In order to comply with these, equine veterinarians have devised their own schemes for preventing this disease. For example, in the most challenging situations in the USA, the administration of one litre intravenously at birth and a second litre at 30 - 45 days is reported to be 100% successful. On the other hand, a prophylactic programme recommended in another part of the world is to vaccinate mares prior to foaling, but still administer one litre of plasma at 25 days of age and again at 45 days of age to the foals to try to ensure immunity from birth to at least 70 days. In California, R.equi plasma is used just as the high risk dust period commences in March (6). Such a strategy has also been used successfully in the Middle East in 2004.
Taking these factors into account and in the absence of local epidemiological knowledge, it is essential to emphasise the importance of timing administration in relation to the period of challenge. For example, Figure 1 demonstrates the influence of weather patterns on occurrence of R.equi disease in foals on an endemic farm in 2006. The majority of foals were born in April-May, but the highest incidence of disease occurred in September, which coincided with an unexpected very warm and dry period where pathogenesis of the bacterium was probably facilitated via inhalation of contaminated dust particles from well worn pastures. This demonstrates that a natural decline in passively acquired specific antibody from either early season plasma or satisfactory colostrum transfer, coupled with an immature adaptive immune system in 4 month old foals may lead to a late season episode of clinical disease in high challenge situations.
Therefore, effective preventive protocols should be devised to suit unique local conditions by considering:
1. Predicted foaling pattern.
2. Predicted R. equi challenge period.
3. Abnormal weather influencing risk during the foaling season.
Hypermune-RE should then be administered to provide and sustain the key protective antibodies in the susceptible foal during its most vulnerable period, bearing in mind that the half-life of transfused antibodies is around 30-35 days (7). Finally, it should also be pointed out that the success of prophylaxis using plasma is greatly enhanced if it is part of an overall management strategy for the control of Rhodococcus equi infection (4).
Hypermune-RE is licensed in the UK and the Republic of Ireland.
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1. Magnusson, H. (1923) Spezifische infektiose pneumonie beim fohlen. Einneurer eiterreger beim pferd. Arch. Wiss. Prakt. Tierheilk.; 50: 22-38.
2. Madigan, J.E, Hietala, S. and Muller, N. (1991) Rhodococcus equi Immunoprophylaxis. PROC 9th ACVIM FORUM. New Orleans LA.
3. Martens, R.J., Martens, J.G., Fiske, R.A. and Hietala, S.K. (1989) Rhodococcus equi foal pneumonia: Protective Effects of Immune Plasma in Experimentally Infected Foals. Equine Veterinary Journal; 21 (4): 249 – 255.
4. Giguere, S. and Prescott, J.F. (1997) Strategies for the Control of Rhodococcus equi Infections on Epizootic Farms. AAEP Proceedings; 43: 65 – 70.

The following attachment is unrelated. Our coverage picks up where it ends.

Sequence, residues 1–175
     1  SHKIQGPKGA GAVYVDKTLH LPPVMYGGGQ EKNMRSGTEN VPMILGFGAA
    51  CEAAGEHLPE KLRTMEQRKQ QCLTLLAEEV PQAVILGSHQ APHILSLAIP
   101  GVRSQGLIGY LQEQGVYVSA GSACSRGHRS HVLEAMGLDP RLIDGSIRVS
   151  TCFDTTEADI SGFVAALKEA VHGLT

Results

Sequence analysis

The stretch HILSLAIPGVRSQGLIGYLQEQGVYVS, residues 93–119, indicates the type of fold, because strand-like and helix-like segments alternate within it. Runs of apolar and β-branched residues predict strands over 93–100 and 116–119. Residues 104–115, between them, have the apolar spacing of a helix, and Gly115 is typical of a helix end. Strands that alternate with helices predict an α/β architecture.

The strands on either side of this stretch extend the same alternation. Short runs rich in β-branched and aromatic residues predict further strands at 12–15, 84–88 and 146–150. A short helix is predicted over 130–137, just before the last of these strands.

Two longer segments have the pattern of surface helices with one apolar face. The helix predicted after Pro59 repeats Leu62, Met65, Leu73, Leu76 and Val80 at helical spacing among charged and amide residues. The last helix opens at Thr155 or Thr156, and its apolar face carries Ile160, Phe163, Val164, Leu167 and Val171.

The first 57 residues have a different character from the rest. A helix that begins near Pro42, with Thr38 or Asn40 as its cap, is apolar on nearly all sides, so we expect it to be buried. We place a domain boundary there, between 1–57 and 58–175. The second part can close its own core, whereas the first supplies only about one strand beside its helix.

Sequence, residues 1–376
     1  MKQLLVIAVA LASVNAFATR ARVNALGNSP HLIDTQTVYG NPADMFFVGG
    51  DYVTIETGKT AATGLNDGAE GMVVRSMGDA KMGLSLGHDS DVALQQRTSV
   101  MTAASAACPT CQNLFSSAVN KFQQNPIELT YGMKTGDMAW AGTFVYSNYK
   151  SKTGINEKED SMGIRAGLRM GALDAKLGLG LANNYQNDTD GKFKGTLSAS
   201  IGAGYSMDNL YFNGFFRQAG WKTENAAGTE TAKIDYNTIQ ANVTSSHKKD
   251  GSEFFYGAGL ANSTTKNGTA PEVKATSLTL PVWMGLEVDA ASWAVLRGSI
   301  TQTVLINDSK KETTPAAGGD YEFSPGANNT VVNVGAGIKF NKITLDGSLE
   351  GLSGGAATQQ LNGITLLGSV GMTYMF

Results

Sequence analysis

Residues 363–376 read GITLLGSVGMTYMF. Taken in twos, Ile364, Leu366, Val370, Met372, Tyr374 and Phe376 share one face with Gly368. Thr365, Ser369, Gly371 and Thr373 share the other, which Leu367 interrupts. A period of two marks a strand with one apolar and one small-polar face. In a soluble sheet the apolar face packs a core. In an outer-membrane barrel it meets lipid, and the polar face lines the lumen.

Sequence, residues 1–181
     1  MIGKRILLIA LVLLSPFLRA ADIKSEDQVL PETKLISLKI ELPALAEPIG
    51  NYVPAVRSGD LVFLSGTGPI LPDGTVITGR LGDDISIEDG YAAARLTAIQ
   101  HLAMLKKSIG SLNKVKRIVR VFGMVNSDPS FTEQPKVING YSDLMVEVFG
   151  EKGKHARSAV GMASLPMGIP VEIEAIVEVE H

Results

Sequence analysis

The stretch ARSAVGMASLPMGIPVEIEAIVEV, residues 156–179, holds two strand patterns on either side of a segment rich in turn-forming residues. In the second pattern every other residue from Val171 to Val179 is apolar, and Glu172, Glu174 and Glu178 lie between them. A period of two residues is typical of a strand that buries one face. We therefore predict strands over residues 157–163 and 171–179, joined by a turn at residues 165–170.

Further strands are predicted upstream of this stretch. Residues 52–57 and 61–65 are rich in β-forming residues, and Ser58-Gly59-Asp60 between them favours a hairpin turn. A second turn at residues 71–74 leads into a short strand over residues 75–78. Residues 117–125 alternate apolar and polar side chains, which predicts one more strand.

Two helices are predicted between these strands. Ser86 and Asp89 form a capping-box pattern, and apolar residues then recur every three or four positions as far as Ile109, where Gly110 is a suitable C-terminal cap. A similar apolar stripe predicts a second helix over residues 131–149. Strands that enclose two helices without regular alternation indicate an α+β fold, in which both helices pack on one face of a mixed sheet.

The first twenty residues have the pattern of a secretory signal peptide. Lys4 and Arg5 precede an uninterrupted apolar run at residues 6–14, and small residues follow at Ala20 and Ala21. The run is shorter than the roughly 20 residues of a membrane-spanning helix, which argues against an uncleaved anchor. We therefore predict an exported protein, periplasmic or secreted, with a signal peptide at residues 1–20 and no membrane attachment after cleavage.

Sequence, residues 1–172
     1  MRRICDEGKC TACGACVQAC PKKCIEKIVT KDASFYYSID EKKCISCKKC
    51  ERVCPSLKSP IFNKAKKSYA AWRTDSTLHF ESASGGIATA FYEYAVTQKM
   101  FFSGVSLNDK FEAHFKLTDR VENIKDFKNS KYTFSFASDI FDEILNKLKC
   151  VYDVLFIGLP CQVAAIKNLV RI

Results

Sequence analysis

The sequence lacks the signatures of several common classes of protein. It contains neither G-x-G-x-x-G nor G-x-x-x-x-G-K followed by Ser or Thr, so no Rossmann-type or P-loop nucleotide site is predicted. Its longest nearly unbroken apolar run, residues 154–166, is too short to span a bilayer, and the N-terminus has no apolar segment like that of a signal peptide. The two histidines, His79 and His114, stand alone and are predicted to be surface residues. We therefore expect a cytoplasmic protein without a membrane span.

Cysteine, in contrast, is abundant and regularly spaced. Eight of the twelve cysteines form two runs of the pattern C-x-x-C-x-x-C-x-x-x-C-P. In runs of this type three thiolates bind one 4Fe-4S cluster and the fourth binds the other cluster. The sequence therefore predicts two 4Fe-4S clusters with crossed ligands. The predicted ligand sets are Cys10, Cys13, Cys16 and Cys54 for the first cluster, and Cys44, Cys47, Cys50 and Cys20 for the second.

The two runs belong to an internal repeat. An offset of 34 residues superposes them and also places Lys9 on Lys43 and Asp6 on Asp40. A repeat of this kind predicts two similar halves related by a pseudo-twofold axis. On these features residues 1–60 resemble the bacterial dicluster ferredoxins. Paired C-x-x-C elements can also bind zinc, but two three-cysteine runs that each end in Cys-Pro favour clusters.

5. Garton NJ,Gilleron M, Brando T, Dan H-H, Giguere S, Puzo G, Prescott J F, Sutcliffe IC. (2002) A Novel Lipoarabinomannan from the Equine Pathogen Rhodococcus equi. The Journal of Bioloogical Chemistry; 277 (35): 31722 – 31733.
6. Madigan, J.E. (1994) Manual of Equine Neonatal Medicine. 2nd Edition. Live Oak Press 130-132
7. Higuchi, T., Arakawa, T., Hashikura, S., Inui, T. and Takai, S. (1999) Effect of prophylactic administration of hyperimmune plasma to prevent Rhodococcus equi infection on foals from endemically affected farms. Journal of Veterinary Medicine Series B-Infectious Diseases and Veterinary Public Health; 46: 641 – 648.
8. Becu, T., Polledo, G. and Gaskin, J.M. (1997) Immunoprophylaxis of Rhodococcus equi pneumonia in foals. Veterinary Microbiology; 56: 193 – 204.
9. Lopez, A.M., Hines, M.T., Palmer, G.H., Knowles, D.P., Alperin, D.C. and Hines, S.A. (2003) Analysis of anamnestic immune responses in adult horses and priming in neonates induced by a DNA vaccine expressing the VapA gene in Rhodococcus equi. Vaccine: 21: 3815 – 3825.
10. Haghighi, H.R. and Prescott, J.F. (2005) Assessment in mice of VapA-DNA vaccination against Rhodococcus equi infection. Veterinary Immunology and Immunopathology; 104: 215 – 225.
11. Muscatello, G., Leadon, D.P., Klay, M., Ocampo-Sosa, A., Lewis, D.A., Fogarty, U., Buckley, T., Gilkerson, J.R., Meijer, W.G. and Vazquez-Boland, J.A. (2007b) Rhodococcus equi infection in foals: the science of ‘rattles’. Equine Veterinary Journal; 39: 470 – 478.
13. Jain, S., Bloom, B.R. and Hondalus, M.K. (2003) Deletion of VapA encoding virulence associated protein A attenuates the intracellular actinomycete Rhodococcus equi. Molecular Microbiology; 50: 115 – 128.
14. Fernandez, A.S., Prescott, J.F. and Nicholson, V.M. (1997) Protective effect against Rhodococcus equi infection in mice of IgG purified from horses vaccinated with virulence associated protein (VapA) enriched antigens. Veterinary Microbiology; 56: 187 – 192.
15. Hooper-McGrevy, K.E., Giguere, S., Wilkie, B.N. and Prescott, J.F. (2001) Evaluation of equine immunoglobulin specific Rhodococcus equi virulence-associated proteins A and C for use in protecting foals against Rhodococcus equi-induced pneumonia. American Journal of Veterinary Research; 62: 1307 – 1313.